Over the years, Rabbi Bloom has been involved in creating family-friendly services which led him to author a prayer book geared toward children ages 5 and younger. His interest in pastoral counseling led him to become a certified Pastoral Counselor after completing the course work in the Doctor of Ministry program at Hebrew Union College and the Post Graduate Center of Mental Health in New York City. Rabbi Bloom is currently working on his doctoral thesis titled, “The image of God that 12-year-olds hold and how an integrative God image assists teenagers overcome the obstacles of peer pressure.”
Among his achievements in the greater community, Rabbi Bloom is particularly proud to having served as the first Jewish Police Chaplain for the Rumson police force. He hopes to continue that service when he arrives in Fort Worth. With all of these achievements, Rabbi Bloom says that his greatest success in life was marrying his wife, Michal, and the birth of their three children, Daniel, Lia and Maya. Stay tuned for more on Rabbi Bloom in an Amy Sorter feature article in the near future.
For more information about Congregation Ahavath Sholom, visit, e-mail or call the synagogue office at 817-731-4721.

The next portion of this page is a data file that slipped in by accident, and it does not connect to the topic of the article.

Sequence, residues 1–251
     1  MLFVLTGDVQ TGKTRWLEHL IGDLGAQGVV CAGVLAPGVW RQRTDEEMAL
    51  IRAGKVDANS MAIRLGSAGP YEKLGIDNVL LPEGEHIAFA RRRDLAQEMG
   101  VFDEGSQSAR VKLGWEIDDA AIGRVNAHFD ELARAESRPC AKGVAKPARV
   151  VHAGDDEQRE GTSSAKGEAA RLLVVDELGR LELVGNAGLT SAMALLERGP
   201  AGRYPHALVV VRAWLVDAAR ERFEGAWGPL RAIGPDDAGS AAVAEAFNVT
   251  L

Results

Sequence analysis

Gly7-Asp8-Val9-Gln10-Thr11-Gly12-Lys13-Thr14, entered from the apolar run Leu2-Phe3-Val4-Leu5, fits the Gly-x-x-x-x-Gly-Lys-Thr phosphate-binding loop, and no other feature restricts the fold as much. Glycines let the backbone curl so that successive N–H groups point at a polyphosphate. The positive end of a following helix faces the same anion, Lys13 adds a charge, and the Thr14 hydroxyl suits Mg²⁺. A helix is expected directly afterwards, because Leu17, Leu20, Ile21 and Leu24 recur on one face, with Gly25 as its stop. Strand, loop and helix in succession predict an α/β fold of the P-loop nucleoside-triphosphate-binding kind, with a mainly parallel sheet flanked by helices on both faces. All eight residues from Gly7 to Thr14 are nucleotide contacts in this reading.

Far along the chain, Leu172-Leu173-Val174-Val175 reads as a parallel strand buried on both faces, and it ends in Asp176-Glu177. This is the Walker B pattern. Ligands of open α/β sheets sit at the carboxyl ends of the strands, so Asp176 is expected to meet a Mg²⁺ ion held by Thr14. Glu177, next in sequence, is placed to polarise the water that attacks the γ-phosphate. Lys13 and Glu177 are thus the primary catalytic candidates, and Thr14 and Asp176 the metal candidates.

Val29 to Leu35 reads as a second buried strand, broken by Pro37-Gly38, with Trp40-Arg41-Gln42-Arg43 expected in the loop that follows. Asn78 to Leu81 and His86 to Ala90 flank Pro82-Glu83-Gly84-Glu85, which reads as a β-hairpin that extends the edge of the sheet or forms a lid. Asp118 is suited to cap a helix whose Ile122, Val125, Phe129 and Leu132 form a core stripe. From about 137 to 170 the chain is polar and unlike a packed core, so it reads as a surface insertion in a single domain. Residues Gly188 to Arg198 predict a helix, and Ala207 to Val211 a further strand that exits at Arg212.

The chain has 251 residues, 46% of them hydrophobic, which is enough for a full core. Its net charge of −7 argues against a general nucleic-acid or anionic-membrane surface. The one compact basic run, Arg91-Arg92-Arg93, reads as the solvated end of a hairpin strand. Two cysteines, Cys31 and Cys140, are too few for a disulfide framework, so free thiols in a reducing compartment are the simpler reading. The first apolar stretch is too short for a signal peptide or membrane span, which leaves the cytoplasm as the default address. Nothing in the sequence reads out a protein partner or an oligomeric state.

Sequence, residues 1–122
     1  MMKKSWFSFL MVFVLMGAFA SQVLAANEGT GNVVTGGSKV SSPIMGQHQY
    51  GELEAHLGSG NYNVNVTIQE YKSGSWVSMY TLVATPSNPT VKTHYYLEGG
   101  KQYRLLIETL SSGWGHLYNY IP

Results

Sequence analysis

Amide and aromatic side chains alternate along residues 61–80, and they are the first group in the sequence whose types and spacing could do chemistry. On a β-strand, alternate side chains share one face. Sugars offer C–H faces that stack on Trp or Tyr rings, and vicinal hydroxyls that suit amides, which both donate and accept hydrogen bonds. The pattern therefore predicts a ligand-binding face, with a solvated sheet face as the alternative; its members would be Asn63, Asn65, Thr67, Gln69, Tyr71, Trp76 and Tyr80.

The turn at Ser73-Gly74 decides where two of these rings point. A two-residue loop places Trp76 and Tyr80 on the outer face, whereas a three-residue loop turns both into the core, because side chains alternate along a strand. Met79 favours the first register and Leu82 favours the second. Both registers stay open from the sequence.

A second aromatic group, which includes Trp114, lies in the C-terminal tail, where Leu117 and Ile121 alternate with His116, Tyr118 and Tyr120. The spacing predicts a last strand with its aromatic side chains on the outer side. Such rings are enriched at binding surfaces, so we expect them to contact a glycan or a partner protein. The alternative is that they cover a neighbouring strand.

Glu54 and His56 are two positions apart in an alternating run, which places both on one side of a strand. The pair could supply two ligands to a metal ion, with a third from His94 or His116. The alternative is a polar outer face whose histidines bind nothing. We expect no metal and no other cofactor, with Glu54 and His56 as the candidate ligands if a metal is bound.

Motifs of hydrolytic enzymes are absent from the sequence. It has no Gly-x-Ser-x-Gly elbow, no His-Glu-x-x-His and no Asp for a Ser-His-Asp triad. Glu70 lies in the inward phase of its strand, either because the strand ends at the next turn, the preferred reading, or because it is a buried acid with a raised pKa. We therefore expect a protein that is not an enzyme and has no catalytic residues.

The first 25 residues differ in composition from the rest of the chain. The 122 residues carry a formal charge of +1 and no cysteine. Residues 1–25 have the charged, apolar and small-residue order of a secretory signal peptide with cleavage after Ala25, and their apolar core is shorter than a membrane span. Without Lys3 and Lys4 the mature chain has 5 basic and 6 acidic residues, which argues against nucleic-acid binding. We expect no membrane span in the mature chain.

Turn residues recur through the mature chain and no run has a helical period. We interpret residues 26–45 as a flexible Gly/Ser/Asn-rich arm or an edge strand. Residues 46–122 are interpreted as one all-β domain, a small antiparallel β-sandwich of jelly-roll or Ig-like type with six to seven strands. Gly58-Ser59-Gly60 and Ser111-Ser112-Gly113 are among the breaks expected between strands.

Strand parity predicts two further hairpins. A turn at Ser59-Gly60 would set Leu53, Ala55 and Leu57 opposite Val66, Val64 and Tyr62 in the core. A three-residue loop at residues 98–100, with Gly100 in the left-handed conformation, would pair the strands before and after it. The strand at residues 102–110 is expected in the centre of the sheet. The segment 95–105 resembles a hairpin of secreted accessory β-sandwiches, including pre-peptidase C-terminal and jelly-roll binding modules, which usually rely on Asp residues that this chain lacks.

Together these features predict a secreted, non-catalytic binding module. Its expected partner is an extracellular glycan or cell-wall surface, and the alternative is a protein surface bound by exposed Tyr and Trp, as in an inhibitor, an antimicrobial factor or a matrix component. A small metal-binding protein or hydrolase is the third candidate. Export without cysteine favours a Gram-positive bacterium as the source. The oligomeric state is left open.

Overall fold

David Beckerman remembered by state legislators

State of Texas House of Representative Marc Veasey, a board member of the Multicultural Alliance, wanted to honor David Beckerman’s life with a Resolution from the State of Texas House of Representatives. The Resolution is a formal expression of opinion that is offered for approval to one or both houses of the legislature by a member of the House or Senate. Congratulatory resolutions typically honor individuals, institutions or organizations for accomplishments or commemorate or acknowledge events. Memorial resolutions pay tribute to the life of a deceased individual.
The document acknowledges the life of David Beckerman, his devotion to his family and his promotion of cultural understanding and tolerance as a member of the board of directors of the Multicultural Alliance. The Resolution states that he gave generously of his time and resources to many causes, including MCA. House Resolution No.864 was unanimously adopted by a rising vote of the House, and when the House adjourned on March 31, 2011, it did so in memory of David Beckerman.